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Why are England's pitches gradually losing their character?

Senior groundsman says that English curators don't get enough time to work on pitches

Southampton: Two Tests into the series, India have been confronted with two of the most contrasting pitches that could possibly have been prepared. One was a low, slow wicket that mirrored many Indian wickets while the other was labelled 'too green' by even some Englishmen.

India opener Murali Vijay plays the ball past the bowler as England wicketkeeper Matt Prior looks on during Day One of the 1st Test at Trent Bridge on July 9. The pitch came in for heavy criticism for lack of pace.  Pic/Getty Images
India opener Murali Vijay plays the ball past the bowler as England wicketkeeper Matt Prior looks on during Day One of the 1st Test at Trent Bridge on July 9. The pitch came in for heavy criticism for lack of pace. Pic/Getty Images 

When mid-day spoke to a senior groundsman here and asked him if the dry weather and sanding the outfield was making a difference, he rubbished the suggestion.

"Yes, the outfields have sand but the square blocks will always hold moisture, for it has got clay in it. As long as there is proper irrigation on the square, sand cannot suck water out of the square because of the presence of clay. A square can pull water from a wet outfield, but not the other way," he explained.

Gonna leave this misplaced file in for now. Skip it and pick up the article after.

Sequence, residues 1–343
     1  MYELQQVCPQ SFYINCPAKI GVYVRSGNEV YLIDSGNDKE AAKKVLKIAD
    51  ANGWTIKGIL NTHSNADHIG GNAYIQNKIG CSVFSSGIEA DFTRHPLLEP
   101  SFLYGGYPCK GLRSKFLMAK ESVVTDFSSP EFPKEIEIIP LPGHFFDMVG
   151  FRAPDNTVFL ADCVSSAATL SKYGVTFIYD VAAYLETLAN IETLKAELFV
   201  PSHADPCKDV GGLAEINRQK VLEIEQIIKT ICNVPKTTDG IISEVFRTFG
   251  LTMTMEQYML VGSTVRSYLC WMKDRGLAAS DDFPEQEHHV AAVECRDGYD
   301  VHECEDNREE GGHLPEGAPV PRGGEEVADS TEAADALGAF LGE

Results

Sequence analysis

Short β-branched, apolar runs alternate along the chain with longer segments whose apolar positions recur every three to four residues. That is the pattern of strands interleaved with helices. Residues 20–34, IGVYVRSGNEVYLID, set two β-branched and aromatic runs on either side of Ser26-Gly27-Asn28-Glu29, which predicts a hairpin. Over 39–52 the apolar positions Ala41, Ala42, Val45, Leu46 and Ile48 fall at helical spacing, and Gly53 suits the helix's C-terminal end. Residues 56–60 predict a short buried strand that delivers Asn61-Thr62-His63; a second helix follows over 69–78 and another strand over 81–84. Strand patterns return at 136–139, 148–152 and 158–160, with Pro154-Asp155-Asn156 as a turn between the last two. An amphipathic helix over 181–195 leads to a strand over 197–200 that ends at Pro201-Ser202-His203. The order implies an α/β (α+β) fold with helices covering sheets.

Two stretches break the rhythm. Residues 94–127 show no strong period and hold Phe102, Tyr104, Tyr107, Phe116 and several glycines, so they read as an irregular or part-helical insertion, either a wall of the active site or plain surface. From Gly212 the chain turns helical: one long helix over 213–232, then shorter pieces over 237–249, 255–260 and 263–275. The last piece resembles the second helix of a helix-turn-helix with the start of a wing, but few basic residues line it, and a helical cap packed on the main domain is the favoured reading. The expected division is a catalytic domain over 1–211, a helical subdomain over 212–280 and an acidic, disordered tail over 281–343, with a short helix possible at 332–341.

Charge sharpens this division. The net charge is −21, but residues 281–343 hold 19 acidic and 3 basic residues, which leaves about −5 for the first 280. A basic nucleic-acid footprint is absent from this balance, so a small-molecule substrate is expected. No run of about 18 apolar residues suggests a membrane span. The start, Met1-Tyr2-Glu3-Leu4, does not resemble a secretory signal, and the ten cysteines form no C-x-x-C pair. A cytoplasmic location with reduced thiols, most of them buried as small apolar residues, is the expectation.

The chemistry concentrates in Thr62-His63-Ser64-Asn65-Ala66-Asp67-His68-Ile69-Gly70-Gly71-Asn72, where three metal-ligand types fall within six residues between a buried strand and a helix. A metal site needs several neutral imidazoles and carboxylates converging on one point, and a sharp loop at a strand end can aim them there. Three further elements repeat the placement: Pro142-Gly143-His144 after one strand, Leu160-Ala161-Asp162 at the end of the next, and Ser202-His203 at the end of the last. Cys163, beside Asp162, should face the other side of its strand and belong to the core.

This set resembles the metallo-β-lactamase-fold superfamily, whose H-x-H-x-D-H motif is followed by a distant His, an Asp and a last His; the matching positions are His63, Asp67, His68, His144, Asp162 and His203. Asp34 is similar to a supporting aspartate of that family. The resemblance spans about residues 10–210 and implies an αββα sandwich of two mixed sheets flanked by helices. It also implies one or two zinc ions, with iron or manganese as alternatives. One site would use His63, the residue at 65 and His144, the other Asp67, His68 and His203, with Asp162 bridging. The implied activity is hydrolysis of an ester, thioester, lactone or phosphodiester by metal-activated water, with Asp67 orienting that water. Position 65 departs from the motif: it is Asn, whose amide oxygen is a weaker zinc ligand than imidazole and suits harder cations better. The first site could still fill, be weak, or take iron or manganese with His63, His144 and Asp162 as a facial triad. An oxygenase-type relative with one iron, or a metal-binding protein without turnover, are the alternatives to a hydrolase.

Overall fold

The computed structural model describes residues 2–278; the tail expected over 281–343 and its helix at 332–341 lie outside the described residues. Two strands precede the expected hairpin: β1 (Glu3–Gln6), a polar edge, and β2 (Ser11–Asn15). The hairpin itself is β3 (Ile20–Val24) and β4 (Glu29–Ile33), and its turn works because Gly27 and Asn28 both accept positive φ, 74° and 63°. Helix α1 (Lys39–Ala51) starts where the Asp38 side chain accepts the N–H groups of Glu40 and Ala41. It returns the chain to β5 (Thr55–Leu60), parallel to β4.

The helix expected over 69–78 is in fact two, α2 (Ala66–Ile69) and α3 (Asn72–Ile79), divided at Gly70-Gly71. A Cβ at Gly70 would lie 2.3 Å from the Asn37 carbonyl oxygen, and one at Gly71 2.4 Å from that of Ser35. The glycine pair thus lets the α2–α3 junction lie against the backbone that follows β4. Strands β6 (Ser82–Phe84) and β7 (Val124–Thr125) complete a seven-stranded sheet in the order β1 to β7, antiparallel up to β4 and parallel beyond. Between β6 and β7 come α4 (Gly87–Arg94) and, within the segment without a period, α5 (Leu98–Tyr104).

The pitch at Nottingham wore a dry look even two days before the match, as mentioned by India skipper MS Dhoni. It is still unclear why it was not watered.

One reason being attributed was that it was already very moist underneath and too dry on top, and the grass on it had withered quickly as it was cut too short. The other reason could be the groundsmen were under instructions not to water it.

Going green
But for the Lord's Test, the pitch was nourished with grass. Two days prior to the game, the pitch was covered constantly so that it could retain moisture, and according to the expert it should have been trimmed.

India paceman Bhuvneshwar Kumar celebrates the wicket of England captain Alastair Cook during Day Two of the second Test at Lord's Cricket Ground on July 18. The track there had something for both pacemen and spinners. PIC/Getty Images
India paceman Bhuvneshwar Kumar celebrates the wicket of England captain Alastair Cook during Day Two of the second Test at Lord's Cricket Ground on July 18. The track there had something for both pacemen and spinners. PIC/Getty Images 

Instead, the ground staff brushed it vigorously which, according to the veteran groundsman, could have caused the grass to stand up.

But it also ensured the crust was exposed to the baking sun causing the pitch to dry quicker and aid spin. Although the groundsman has never worked on the Rose Bowl pitch earlier, he has ensured that it would have more carry than Lord's.

He blamed the current dryness of pitches on the amount of cricket that is played on them. "We have school cricket, club cricket, T20s, county, and international cricket. Curators around the country simply don't get enough time to work on the square," he rued.

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